- Openness – the player needs to display the appropriate amount of openness needed to honestly discuss the issues in play. It’s fine to keep back some thoughts and feelings (we all do this) as long as they’re not relevant to what is being discussed.
- Transparency –the coach, the player and the organisation need to be transparent about their intentions for the coaching.
- Engagement, Enthusiasm, Effort – the player needs to engage with the coaching sessions and the vital work in-between with enthusiasm and effort. Anything less will lead to failure or unsatisfying incremental improvement.
5. Understand the Power of Intent
Observed through a sound proof window coaching is just two people talking. The reason why it can transform is due, in small part, to methodology and technique. But the coach’s intent is a far more important factor. Here is a brief overview of my coaching intent and beliefs:
- The intention of coaching is to facilitate a player’s awareness, to encourage responsibility for his or her behaviour to improve performance.
- People are their own best resource and each person has their own solutions, this is why a non-directive, questioning coaching technique is the most effective approach.
- Human beings have a truly astounding ability to learn, change and succeed. We all interfere with our ability to do this to some extent through unhelpful mental chatter or unhelpful mental models – coaching helps players to observe and remove this “interference” and close the gap between their potential and performance.
- Awareness is curative. In other words, we naturally change things simply by observing them.
6. Adopt a Rigorous Process
At its best coaching is dynamic, fluid and creative. But, as with many things that look “magical”, there is a solid methodology at work. The process of a coaching programme should include:
- Agreement between player, coach and organisation
- Identifying Issues
- Mid-Programme Review
- End of Programme Review
- Longer Term Evaluation
A basic programme could be comprised of six sessions with the initial sessions spaced one or two weeks apart when the need for support is greatest, with later sessions potentially spaced further apart.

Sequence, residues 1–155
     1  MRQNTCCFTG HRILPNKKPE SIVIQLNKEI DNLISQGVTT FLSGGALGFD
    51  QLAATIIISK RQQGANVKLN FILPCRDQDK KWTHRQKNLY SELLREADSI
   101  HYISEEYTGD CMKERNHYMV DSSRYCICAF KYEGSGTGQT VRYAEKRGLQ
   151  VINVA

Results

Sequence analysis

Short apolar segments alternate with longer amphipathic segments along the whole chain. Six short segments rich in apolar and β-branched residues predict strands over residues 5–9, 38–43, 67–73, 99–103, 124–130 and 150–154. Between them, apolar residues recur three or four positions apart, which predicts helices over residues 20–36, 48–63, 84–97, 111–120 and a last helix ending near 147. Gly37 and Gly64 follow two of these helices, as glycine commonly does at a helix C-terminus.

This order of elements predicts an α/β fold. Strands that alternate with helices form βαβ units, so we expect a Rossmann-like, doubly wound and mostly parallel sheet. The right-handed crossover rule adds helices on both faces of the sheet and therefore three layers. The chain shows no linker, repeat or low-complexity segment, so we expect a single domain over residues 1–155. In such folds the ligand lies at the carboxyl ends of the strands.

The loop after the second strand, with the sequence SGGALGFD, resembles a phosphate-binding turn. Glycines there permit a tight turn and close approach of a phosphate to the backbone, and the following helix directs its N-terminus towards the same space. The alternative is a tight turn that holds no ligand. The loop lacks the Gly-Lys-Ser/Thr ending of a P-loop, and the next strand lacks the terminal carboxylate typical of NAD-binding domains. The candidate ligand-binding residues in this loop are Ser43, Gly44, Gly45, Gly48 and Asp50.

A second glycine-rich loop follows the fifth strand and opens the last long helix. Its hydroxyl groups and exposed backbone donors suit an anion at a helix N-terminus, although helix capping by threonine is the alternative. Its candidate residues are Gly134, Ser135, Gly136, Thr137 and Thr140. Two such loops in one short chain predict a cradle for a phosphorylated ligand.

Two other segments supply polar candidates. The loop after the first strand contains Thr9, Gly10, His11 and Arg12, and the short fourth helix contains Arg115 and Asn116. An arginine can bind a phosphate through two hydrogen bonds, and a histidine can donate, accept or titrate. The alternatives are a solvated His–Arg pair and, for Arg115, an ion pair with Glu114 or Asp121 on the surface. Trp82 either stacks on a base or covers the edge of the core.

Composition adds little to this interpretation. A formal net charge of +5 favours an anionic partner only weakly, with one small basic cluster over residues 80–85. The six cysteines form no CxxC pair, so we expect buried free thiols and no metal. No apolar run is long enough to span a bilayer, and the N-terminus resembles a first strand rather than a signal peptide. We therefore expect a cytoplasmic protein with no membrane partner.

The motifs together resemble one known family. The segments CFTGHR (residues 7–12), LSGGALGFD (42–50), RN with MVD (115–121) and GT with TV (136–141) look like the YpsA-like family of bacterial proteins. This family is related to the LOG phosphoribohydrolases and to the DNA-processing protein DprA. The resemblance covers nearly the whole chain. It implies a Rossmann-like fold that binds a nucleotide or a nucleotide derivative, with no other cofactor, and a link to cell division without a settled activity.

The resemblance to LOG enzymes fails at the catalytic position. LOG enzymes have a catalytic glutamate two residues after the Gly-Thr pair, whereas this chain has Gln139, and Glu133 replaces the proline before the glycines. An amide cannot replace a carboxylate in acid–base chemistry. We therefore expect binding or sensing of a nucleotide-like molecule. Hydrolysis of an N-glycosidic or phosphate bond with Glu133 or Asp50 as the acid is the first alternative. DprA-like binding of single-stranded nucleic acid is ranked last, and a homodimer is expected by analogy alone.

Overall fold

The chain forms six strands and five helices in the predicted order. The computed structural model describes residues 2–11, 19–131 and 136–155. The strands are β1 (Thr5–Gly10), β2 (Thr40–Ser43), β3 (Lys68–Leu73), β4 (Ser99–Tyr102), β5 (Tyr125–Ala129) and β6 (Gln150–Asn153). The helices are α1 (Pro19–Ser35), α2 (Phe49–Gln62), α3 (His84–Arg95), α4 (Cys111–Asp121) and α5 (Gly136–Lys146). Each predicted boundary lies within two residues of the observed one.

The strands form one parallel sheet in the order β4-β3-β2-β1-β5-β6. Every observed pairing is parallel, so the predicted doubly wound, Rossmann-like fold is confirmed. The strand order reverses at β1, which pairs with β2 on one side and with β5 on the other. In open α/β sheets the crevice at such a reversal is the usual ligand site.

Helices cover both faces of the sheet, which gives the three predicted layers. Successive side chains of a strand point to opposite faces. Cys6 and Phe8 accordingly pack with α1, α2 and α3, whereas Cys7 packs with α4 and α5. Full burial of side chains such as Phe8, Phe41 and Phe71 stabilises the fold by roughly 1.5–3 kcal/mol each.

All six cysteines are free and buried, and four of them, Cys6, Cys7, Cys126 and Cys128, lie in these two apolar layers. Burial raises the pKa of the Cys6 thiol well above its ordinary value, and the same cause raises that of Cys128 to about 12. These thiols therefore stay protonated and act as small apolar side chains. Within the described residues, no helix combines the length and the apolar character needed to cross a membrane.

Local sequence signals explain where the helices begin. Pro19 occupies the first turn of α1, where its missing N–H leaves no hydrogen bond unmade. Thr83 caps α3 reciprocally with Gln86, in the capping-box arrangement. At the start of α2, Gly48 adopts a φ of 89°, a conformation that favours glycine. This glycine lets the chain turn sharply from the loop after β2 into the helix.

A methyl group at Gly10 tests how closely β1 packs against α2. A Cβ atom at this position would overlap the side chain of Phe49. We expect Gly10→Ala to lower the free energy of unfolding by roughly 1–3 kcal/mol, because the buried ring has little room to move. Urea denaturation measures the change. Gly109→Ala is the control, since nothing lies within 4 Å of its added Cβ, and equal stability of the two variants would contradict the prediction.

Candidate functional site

Within the sessions there is also need for a robust structure which results in clear actions for the player. The best I’ve discovered is the well-known GROW Model (GOAL – set a direction, REALITY – explore the current situation start point, OPTIONS – identify actions that could be taken, WILL DO – identify what action will be taken).
7. Draw a Line between Coaching and Therapy
One of the greatest barriers to (and, very occasionally, attractions of) investing time or money in coaching is that its “therapy”. Let’s be clear. It’s not. The intent of therapy is to heal extreme phobias, anxieties or fears. The intent of coaching is to facilitate behaviours and mindsets required to achieve peak performance. There’s a big difference.
However, I sign up to the notion that a “good inner game” leads to a “good out game”. So, whereas the objective of coaching is about results and achievement the discussions how to get there may dive underneath the surface to investigate more philosophical issues such as a player’s life purpose, cherished values, inspiring vision for the future; how to “self manage” thoughts and emotions or develop greater ability to engage with others. This is not navel gazing – there is robust evidence that happiness, optimism and even joy in our work are strongly linked to our ability to succeed.
Copyright © 2012 Greg Orme All Rights Reserved
*I found this term – Player – in Miles Downey’s Effective Coaching, Cengage Learning which I highly recommend